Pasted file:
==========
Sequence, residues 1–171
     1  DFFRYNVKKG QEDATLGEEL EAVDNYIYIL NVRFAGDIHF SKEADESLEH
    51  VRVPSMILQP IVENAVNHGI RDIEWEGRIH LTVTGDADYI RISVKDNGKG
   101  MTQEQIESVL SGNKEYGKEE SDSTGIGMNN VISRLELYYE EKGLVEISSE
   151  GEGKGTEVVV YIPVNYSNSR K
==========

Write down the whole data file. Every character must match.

Sequence, residues 1–171
     1  DFFRYNVKKG QEDATLGEEL EAVDNYIYIL NVRFAGDIHF SKEADESLEH
    51  VRVPSMILQP IVENAVNHGI RDIEWEGRIH LTVTGDADYI RISVKDNGKG
   101  MTQEQIESVL SGNKEYGKEE SDSTGIGMNN VISRLELYYE EKGLVEISSE
   151  GEGKGTEVVV YIPVNYSNSR K